With the advances in medical science, perinatal HIV-1 transmission rates in the United States have decreased strikingly due to an amalgamation of suitable measures taken; encompassing improved voluntary counseling and HIV-1 testing (VCT) for pregnant women, prevalent use of antiretroviral prophylaxis or combination of antiretroviral therapy, avoidance of breastfeeding, and elective cesarean delivery (Shetty, 2005). In some cases the preventive measures are not seriously taken and these missed opportunities are responsible for 300 to 400 HIV- 1 infected infants, born annually. It is the sole responsibility of the pediatrician to prevent perinatal transmission of HIV-1 by finding out newborns born to infected mothers. These mothers are not tested during pregnancy. Pediatrician must administer antiretroviral prophylaxis, and ensure follow-up to verify or eliminate the diagnosis of HIV-1 infection in early infancy (Shetty, 2005). Estimates of the number of children infected with HIV in the United States range from 10,000 to 20,000. Nearly all (90%) new HIV infections in children result from perinatal transmission. The overall incidence of perinatally acquired AIDS cases declined by 67% from 1992 through 1997 (Priority: HIV and AIDS). It is manifested that number of perinatally acquired cases increased each year between 1984 and 1992, the current results reveal the decrease in the statistics not only in terms of number of new cases but also a reversal of the previous cases (Priority: HIV and AIDS). Decline in perinatal transmission are attributed largely to the combined effect of both increased counseling and testing for HIV infection prenatally and the use of zidovudine (ZDV) therapy during pregnancy among HIV-infected women (Lindegren, 1999). The AIDS Clinical Trials Group (ACTG) 076 trial demonstrated that ZDV therapy reduced perinatal transmission from 25.5% to 8.3%. it is also manifested that Standard therapy defined by the US Public Health Service (USPHS) emphasize upon oral administration of ZDV to the mother in the prenatal period, intravenous administration of ZDV during the intrapartum period, and oral administration of ZDV to the newborn (Mofenson, 1999). More effective counseling and testing prenatally makes it possible for a greater number of women and infants to benefit from antiretroviral therapy. It is observed that, some women still do not receive antiretroviral therapy during the antepartum period as recommended, it is therefore essential that the treatment schedule of - before, during, and after delivery of the ACTG protocol must be strictly followed to reduce the perinatal HIV infection, a noteworthy declines in perinatal transmission were examined since 1995 due to the speedy integration of this regimen into clinical practice (Mofenson, 1999).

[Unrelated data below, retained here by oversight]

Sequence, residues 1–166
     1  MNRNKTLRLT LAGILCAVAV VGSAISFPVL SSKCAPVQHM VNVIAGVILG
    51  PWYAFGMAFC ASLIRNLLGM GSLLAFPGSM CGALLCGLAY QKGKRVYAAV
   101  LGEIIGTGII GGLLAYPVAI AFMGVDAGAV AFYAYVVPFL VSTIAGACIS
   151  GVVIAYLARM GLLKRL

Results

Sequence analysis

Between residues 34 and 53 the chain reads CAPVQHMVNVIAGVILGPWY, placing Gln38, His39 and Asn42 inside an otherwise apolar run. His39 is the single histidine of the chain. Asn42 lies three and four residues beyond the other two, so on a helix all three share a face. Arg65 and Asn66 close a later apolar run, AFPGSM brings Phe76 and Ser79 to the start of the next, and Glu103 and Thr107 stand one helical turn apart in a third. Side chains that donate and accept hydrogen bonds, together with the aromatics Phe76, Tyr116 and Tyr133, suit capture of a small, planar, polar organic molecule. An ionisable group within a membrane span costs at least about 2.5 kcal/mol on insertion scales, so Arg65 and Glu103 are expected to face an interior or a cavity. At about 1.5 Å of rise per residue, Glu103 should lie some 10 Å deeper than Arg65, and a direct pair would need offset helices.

Healthy People 2010 Baselines and Targets for HIV/AIDS has included objective no. 13.17 for reducing new AIDS cases of perinatally acquired HIV infection to reduce the rate of infant mortality (Priority: HIV and AIDS). The table in the appendix indicates trends in AIDS and HIV cases in newborns for the years 1999-2003 in Chautauqua County. The rate is diminishing, indicates that over the period the number of newborns with HIV has reduced (Priority: HIV and AIDS).
According to the Health People 2010 Initiative, 50% of HIV